HUNTING ISLAND LONGBOARD BUCKLE Surfing Still Rides Beaufort's Love Affair With Water by David Lauderdale
Hunting Island was their Big Sur.
The Melody Makers were their Beach Boys.
Military kids who had tasted the ripping waves of California and Hawaii were their models.
And the endless summer began for the boys of Beaufort.
Half a century later, the sun still hasn’t set on the long, thin line of Beaufort surfers.
As the city now celebrates its love affair with the water with the 61st Beaufort Water Festival, local surfers are still chasing the big breaks, poring over weather statistics, living by the tides, and either dashing to the sea or cursing the burden of a work week.
They still live for the word of storms far over the horizon that churn up swells in our gentle, shallow surf.
They live for daybreak in a pounding ocean with rowdy curls.
“It is a freedom,” said one of those early surfing military brats in Beaufort, Dennis Litchfield, now almost 64, now making custom surfboards in Florida, and still surfing. “It’s a culture within a culture. It’s kind of a nomadic life.”
He said the 1966 movie “Endless Summer” or the 1991 movie “Point Break” with Patrick Swayze can explain it to people not used to paddling in circles — or cramming seven kids in a 1955 Chevrolet for the dash to Hunting Island State Park with eight boards and one more kid on the roof.
It’s a culture that Beaufort parents tried to discourage. But not even the Vietnam War breathing down their necks could shut it down.
It’s a culture that prompted Harry Bazemore and a buddy to hitchhike from Beaufort to California in the summer of 1969, lugging a Hobie surf board and only $12.
“It took us 52 rides to get to LA,” said Bazemore, now in his 60s, still a free spirit, and still chasing waves in Florida.
“It’s a culture that was ragged on for many, many years,” Litchfield said. “You know — ‘you guys are all slackers, why don’t you work?’ But how can you work when the waves are good?”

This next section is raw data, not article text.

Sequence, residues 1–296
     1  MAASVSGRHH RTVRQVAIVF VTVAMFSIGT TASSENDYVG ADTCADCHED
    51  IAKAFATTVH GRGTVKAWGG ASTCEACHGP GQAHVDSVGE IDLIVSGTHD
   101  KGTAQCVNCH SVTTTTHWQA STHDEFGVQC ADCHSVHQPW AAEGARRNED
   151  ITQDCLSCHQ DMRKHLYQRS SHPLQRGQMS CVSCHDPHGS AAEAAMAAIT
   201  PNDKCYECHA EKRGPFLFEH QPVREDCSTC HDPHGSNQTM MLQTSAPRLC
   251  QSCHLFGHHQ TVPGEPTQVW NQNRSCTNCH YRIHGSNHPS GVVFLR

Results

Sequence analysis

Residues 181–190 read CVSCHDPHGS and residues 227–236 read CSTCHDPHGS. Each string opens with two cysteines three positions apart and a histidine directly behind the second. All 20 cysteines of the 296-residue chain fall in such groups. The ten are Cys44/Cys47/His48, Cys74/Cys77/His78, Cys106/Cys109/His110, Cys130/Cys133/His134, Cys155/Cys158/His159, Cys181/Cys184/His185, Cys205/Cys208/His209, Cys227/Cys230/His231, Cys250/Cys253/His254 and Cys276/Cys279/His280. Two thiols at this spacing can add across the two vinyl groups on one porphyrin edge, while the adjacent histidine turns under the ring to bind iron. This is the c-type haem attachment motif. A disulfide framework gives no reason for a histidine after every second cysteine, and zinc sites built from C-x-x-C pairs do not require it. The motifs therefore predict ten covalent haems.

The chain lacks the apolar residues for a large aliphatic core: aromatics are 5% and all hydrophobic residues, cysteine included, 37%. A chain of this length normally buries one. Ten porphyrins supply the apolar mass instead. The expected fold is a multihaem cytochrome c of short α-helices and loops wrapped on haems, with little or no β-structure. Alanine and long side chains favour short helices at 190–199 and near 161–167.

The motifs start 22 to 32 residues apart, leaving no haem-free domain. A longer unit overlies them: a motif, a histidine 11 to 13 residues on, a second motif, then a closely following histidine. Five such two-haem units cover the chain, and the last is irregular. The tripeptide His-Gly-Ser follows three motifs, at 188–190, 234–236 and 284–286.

Old surfers say there wasn’t much to do in Beaufort.
“Growing up on the beach, all you could do is watch the turtles, surf or play Frisbee — or chase girls. That’s where the girls were,” said former City Council member Mike Sutton. He and his brothers — Mark and Bob — surfed while their dad laid the infrastructure on Fripp Island.
Richard Neill, now a 66-year-old respected Realtor in town, says, “I was the best surfer.” He may have been the first in Beaufort to hang five.
He worked all summer at Six L’s Packing Co. on St. Helena Island to buy a surf board. It arrived by freight train on Depot Road after what seemed like an endless trip.
Fred Gauch, now living aboard his sailboat on Hilton Head Island, was leader of Beaufort’s hottest band, the Melody Makers. It’s still making music, but in the late 1960s, it was synonymous with Beaufort surfing.
He attributes the craze to the throbbing tunes of the Beach Boys.
“Ronnie Nobles and I had two surfing vans,” Gauch said. “He had an old Ford Econoline that had ‘Look Homeward Angel’ painted on the front, and I had a VW van with a peace symbol painted on the front with ‘Happiness’ painted over that.”
They started the Hunting Island Surfing Association that peaked at about 30 members. Members wore burgundy, hooded pullovers with a black diamond sewn on the back with the white lettering of an association that would sometimes host competitions with the funny-talking kids from Charleston.
Most people point to Greg Clark as the father of surfing in Beaufort. Other names are legion: Robert Gay, a shrimper who at one time owned a surf shop on St. Helena Island; Bill Deloach; Mike Rainey; David Brown; Barry Gooch, the unofficial photographer who sometimes posts old surfing photos on Facebook; Ted McCaston; Steve Hughes; Jack Keener; Joe Harter; Bill Murphy; David and Milledge Morris, when they could get away from work at their daddy’s Humble Buck’s Esso and its caged tiger; “Fast” Freddie Bazemore; Randy Bazemore, who worked 50 crab pots in Battery Creek when he was 13; Ray Charon; Ted Ledford; and even a few girls, like Gail Knight, Gwen Cail and Sissy Burgess.
Many of the kids hung out at Woods Grocery on St. Helena near the beach, where operators Bill and Frances Montcalm would sometimes run them credit on sliced baloney. They would even go to Melody Makers shows with the kids at the old Baileys club in Okatie.
Bill was a strapping, old-timey retired Marine, and Frances could weld anything and shoot a gun. They ran the store for her daddy, Henry W. “Mac” Woods, who preferred to be hunting or farming such oddities as a 103-pound pumpkin or watermelons so big they made him quit bringing them to the Waltermelon Festival competition in Hampton.
“Kids could eat there,” said Linda Cail, who worked at the store for her aunt and uncle. “Everybody was helping each other back then. There was not much on the island then.”
The surfers also befriended a harmless starving artist they called “Driftwood” Corry, who made art from driftwood and other found objects and sold it in a hut by the road.
Today, when a storm is brewing, as many as 70 surfers can show up at Hunting Island.